Managing Your Practice

Don’t forget about OSHA


 

References

Given the bewildering array of new bureaucracies that private practices have been forced to contend with in recent years, it’s easy to forget about the older ones – especially OSHA (Occupational Safety and Health Administration).

Now would be a good time – before the new year begins, and you’re forced to take on the MACRA meshugas, which I’ll discuss next month – to get out your OSHA logs, walk through your office, and confirm that you remain in compliance with all the applicable regulations. Even if you hold regular safety meetings (which all too often is not the case), the occasional comprehensive review is always a good idea, and could save you a bundle in fines.

Dr. Joseph S. Eastern

Dr. Joseph S. Eastern

I’m always amazed at how many offices lack an official OSHA poster, enumerating employee rights and explaining how to file complaints; it’s the first thing an OSHA inspector looks for. You can download one from OSHA’s website, or order it at no charge by calling 800-321-OSHA.

Next, check out your building’s exits. Everyone must be able to evacuate your office quickly in case of fire or other emergencies. At minimum, you (or the owner of the building) are expected to establish exit routes to accommodate all employees and to post easily visible evacuation diagrams.

Examine all electrical devices and their power sources. All electrically powered equipment – medical, clerical, or anything else in the office – must operate safely. Pay particular attention to the way wall outlets are set up. Make sure each outlet has sufficient power to run the equipment plugged into it and that circuit breakers are present and functioning. And beware the common situation of too many gadgets running off a single circuit.

Now, review your list of hazardous chemicals, which all employees have a right to know about. Keep in mind that OSHA’s list contains many substances – alcohol, disinfectants, even hydrogen peroxide – that you might not consider particularly dangerous but must nevertheless be on your written list of hazardous chemicals. For each of these, your employees must also have access to the manufacturer-supplied Material Safety Data Sheet, which outlines the proper procedures for working with a specific substance and for handling and containing it in a spill or other emergency.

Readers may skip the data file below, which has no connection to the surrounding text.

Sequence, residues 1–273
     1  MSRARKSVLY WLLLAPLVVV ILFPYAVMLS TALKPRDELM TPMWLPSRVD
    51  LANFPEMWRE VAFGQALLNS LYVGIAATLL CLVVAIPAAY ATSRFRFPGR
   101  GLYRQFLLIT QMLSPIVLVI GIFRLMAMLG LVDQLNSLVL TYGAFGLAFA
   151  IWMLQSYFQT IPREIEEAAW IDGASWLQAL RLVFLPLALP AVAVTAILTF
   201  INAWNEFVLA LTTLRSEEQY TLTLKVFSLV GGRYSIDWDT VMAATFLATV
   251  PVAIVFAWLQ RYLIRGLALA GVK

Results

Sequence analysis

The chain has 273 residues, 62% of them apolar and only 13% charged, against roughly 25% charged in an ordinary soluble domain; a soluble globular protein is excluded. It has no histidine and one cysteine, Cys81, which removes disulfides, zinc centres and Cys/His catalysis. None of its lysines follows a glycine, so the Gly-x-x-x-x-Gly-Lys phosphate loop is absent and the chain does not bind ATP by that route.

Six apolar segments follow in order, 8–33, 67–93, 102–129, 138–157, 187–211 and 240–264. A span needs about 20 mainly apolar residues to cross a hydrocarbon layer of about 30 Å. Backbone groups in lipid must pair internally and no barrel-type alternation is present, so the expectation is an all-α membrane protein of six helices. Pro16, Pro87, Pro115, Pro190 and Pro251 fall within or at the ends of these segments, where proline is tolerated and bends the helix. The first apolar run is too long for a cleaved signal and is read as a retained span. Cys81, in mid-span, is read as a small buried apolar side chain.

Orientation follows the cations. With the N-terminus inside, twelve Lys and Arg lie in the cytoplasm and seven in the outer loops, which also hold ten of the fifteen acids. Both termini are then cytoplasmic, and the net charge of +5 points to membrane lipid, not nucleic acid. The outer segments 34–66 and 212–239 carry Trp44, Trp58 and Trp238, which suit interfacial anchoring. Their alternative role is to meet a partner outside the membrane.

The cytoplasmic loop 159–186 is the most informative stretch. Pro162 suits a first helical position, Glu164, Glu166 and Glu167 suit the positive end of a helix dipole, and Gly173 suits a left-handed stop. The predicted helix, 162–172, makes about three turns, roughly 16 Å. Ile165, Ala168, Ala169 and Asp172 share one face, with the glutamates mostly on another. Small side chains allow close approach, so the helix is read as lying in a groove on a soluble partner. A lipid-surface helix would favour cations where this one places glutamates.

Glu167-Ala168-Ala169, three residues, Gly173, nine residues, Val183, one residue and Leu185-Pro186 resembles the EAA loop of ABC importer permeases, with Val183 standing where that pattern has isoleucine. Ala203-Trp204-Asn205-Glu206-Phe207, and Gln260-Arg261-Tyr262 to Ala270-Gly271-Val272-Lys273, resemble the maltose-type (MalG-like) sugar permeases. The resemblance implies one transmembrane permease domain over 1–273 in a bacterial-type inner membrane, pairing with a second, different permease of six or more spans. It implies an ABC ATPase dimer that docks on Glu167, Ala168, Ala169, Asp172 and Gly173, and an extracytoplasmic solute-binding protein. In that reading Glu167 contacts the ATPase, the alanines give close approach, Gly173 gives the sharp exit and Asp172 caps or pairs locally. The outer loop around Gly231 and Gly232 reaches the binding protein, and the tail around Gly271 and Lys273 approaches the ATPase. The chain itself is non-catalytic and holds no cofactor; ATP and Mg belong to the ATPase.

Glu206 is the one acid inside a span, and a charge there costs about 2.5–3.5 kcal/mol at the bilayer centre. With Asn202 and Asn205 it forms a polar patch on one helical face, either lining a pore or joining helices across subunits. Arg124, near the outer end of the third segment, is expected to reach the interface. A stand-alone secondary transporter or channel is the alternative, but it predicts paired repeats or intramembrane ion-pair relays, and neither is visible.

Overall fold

How old is your written exposure control plan for blood-borne pathogens? It should document your use of such protective equipment as gloves, face and eye protection, and gowns, and your implementation of universal precautions – and it’s supposed to be updated annually, to reflect changes in technology. You need not adopt every new safety device as it comes on the market, but you should document which ones you are using, and why.

For example, you and your employees may decide not to purchase a new safety needle because you don’t think it will improve safety, or that it will be more trouble than it’s worth; but you should document how you arrived at your decision and what you plan to use instead.

You must provide all at-risk employees with hepatitis B vaccine, at no cost to them. You also must provide and pay for appropriate medical treatment and follow-up after any exposure to a dangerous pathogen.

Other components of the rule include proper containment of regulated medical waste, identification of regulated waste containers, sharps disposal boxes, and periodic employee training regarding all of those things.

Federal OSHA regulations do not require medical and dental offices to keep an injury and illness log, as other businesses must; but your state may have such a requirement that supersedes the federal law. Check with your state, or with your local OSHA office, regarding any such requirements.

It is a mistake to take OSHA regulations lightly; failure to comply with them can result in stiff penalties running into many thousands of dollars.

How can you be certain you are complying with all the rules? The easiest and cheapest way is to call your local OSHA office and request an inspection. Why would you want to do that? Because in return for agreeing to have your office inspected, OSHA will agree not to cite you for any violations they find, as long as you fix them.

Dr. Eastern practices dermatology and dermatologic surgery in Belleville, N.J. He is the author of numerous articles and textbook chapters, and is a longtime monthly columnist for Dermatology News. Write to him at [email protected].

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